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The Top Ten Ways to Be a Good Employee or Contractor

10 Jan Posted by in Work | Comments

It doesn’t matter how you are paid; staff, contractor, agency… you customer will look to you for reliability and that means you need to be more than good, you need to be great:

  1. Be BUSY: When you are working for your client, it might appear that they want you to hang out and make jokes but I assure you the person responsible for your contract wants you to keep moving.  Be busy or be gone!
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  2. NEVER Screw Your Client: Remember those lies you told your parents when yman-with-cash-cigar-red-xou were a kid… ya, they found out what you did/said and so will your customer.  NEVER inflate a bill because you think they won’t find out.  NEVER take anything from the client site that the client doesn’t know about (unless you are doing an equal swap that will keep everyone happy).  If you finish a job early and go home when you think no-one is around, make certain you log in from home and finish your shift, or make up the time on some other shift.  (Remember there are a lot of security camera’s, security system door lock/access logs… that you may not know about.)
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  3. Set LONG Expectations: If you think something is going to take 10 minutes, tell the client to expect half an hour.  If you think something is going to take two hours, tell them it is going to take all afternoon.  Don’t lie and stretch it to ridiculous times, but if you have any experience at all you know that things in IT go wrong and you need more time to re-configure and retest so make sure your customer has planned for that time.  You will seldom be in trouble for telling the client about a scheduled outage but you will ALWAYS be in trouble if you don’t complete the work in the allotted time.  Also, if you finish early, you look like a hero and everyone will love you.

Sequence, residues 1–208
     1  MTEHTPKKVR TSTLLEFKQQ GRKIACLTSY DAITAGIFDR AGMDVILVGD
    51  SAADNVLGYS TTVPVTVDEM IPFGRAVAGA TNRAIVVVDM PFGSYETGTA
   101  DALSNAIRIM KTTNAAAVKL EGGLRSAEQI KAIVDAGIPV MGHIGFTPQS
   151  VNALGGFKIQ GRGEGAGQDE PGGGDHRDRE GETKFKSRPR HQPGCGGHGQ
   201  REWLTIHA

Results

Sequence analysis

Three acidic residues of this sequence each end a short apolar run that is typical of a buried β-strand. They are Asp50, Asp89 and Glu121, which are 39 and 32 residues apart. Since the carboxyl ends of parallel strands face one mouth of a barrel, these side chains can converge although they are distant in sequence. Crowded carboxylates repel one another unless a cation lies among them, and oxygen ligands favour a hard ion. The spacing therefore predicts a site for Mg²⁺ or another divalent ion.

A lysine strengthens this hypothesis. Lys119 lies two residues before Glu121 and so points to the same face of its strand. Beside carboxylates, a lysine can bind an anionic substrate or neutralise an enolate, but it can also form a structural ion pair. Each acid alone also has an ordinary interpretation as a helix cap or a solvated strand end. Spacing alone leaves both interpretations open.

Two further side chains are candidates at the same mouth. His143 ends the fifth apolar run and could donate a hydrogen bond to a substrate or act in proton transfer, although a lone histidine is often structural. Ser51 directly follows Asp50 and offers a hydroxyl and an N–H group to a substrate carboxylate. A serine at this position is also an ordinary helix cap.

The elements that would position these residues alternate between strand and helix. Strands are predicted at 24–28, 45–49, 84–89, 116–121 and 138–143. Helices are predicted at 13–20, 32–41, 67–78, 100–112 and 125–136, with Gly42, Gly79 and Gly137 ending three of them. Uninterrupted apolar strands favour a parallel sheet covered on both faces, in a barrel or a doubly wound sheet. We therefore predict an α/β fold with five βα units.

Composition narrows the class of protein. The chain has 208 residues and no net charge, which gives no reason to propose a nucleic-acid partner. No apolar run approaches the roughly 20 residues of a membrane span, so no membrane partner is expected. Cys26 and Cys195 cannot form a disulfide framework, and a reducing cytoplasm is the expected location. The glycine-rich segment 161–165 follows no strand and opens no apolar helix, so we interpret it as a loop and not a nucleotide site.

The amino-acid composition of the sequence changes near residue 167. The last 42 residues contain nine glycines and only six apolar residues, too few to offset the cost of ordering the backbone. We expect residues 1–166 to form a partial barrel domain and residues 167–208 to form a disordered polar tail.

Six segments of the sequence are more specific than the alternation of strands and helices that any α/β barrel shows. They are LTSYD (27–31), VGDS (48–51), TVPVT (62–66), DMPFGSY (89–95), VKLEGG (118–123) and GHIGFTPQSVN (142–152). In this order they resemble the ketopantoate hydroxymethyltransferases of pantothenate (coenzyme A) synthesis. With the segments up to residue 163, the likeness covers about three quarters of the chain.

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  4. Dress BETTER Than Your Client: If they wear blue jeans and t-shirts, wear black jeans and golf shirts.  If they wear slacks and dress shirts, you wear the same, but with a tie.  I know it is out of fashion these days, but I assure you that psychology research is on my side on this.  If you dress better, people think you are better.  Keep in mind that there are limits.  If you client is “business casual”, showing up in a tuxedo, will just make you look like a arrogant knob.
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  5. KNOW Your Stuff: Your client is not paying you to learn.  Even if you are working with brand new technology, your client is expecting you to take your experience in other area’s and quickly apply it to the new environment… faster than they can.  If you don’t know something you should… fake it and then go home and learn it fast!  Call you IT friends, colleagues, partners suppliers… whoever and ask what they know about it.
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  6. Do MORE Than You Are Asked To Do: When you have decided to roll out Office 2013, start using it in beta 6 months before hand, develop 45 minute lunch and learn and provide that course to the staff.  When you are deploying new hardware, clean up the empty boxes quickly and explain to the recipient of the hardware what has improved (beyond the obvious it is faster; perhaps it is cooler so it uses less electricity or it is smaller so it takes space and is quieter…).